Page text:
When will our political leadership understand New Media?

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The players in this latest example of not adapting to the world we live in are Shirley Sherrod, Andrew Breitbart, and the White House. Sound bytes and video bytes are a fact of life in this world of digital “new media,” and those reporting the news and running the country need to step back and try to understand the pros and cons of what digital media means. Many years ago, a corporate marketing executive told me, “Believe everything you hear, but trust no one.” Perhaps this is good advice in the digital world. Sherrod’s speech is below:

Out of context, it would be easy to draw numerous conclusions regarding Sherrod’s motives. In context, Sherrod is trying to tell a story that has a happy ending, but some of her remarks set her up for the  kind of treatment she received by those with an agenda. Still, the context of the story is critical, and it is that narrative that becomes corrupt when clips and bytes are extracted from the actual storyline. The press and political candidates have done this for years in interviews, extracting sound bytes that might serve a specific purpose when viewed or heard out of context. But today, when you hear the actual testimony of the speaker, rather than reading it, the words come to life in a way that text cannot match. Sherrod did say she did not give the white farmer the full measure of her jurisdiction because she thought about all the blacks who had suffered on farms, but the rest of the narrative is about what she learned from the visceral response she felt when approached by the white farmer.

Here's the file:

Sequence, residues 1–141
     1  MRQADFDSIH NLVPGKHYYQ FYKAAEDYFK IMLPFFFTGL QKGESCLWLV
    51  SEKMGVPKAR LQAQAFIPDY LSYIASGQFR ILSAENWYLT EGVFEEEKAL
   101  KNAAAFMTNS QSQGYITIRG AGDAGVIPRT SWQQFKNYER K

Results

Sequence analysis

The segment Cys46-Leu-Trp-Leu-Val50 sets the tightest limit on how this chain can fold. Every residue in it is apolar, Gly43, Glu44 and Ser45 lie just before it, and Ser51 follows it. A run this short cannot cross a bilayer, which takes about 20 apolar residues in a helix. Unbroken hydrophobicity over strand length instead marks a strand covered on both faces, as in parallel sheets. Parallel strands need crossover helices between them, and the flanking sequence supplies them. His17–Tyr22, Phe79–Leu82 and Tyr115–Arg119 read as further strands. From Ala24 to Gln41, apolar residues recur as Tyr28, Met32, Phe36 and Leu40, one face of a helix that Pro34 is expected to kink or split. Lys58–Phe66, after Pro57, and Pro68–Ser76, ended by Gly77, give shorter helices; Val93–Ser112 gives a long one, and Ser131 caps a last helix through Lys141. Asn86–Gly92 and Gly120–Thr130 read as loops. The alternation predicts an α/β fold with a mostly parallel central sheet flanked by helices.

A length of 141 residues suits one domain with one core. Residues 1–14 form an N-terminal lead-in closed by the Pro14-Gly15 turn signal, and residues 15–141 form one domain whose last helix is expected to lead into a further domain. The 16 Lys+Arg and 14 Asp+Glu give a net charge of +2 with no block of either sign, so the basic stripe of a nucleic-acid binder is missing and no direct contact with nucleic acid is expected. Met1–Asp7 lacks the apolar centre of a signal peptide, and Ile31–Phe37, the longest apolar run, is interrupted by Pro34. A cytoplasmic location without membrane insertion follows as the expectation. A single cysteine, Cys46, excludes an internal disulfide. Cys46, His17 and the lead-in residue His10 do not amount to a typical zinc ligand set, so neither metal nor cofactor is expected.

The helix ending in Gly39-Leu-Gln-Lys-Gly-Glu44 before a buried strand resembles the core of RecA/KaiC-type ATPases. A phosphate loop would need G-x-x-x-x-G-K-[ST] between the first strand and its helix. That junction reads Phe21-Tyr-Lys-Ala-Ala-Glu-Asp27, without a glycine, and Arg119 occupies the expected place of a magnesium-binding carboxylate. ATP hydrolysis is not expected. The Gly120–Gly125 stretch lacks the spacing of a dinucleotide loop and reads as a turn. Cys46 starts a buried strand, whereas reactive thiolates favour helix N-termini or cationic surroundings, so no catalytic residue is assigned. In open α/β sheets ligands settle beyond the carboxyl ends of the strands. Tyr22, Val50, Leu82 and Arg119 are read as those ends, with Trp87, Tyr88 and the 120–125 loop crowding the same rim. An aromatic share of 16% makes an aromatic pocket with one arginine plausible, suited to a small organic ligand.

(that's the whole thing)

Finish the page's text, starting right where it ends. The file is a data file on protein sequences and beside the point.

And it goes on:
Our political leadership has to reinvent the manner in which they interpret the media, and never take anything they hear or see in the media at face value. Otherwise, politics will be transformed into a series of divisive witch hunts rather than a mission to achieve some kind of political consensus.


When Failure is Prized Above Success – Jamie McKenzie

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When I read or hear about educational practices that result from No Child Left Behind (NCLB), I thank my lucky stars that I have the privilege of teaching in a school where children are the focus rather than working in the business of education where the profitability (read success) of a school is measured. I also appreciate the fact that my students elect, and must be admitted, to attend my school (Choate Rosemary Hall), and I mourn those public school kids who are being held to a standard that has nothing to do with them. Jamie McKenzie wrote in 2006:

NCLB is another example of leadership blinded by ideology.

Driven by a few simple notions, the NCLB/Helter-Skelter scheme has been more about failure than reform. Convinced that fear, punishment and failure would bring about a great educational Renaissance especially when combined with school choice and privatization, right wingers have imposed a Stalinist regime on public schools that has as its chief accomplishment the affixing of failure labels on schools. Instead of improving the performance of students and narrowing gaps between advantaged and disadvantaged populations, the program has failed. Test results are flat. The gap remains. The nature of schooling has coarsened and the curriculum has narrowed. NCLB is full of sound and fury lacking in achievement.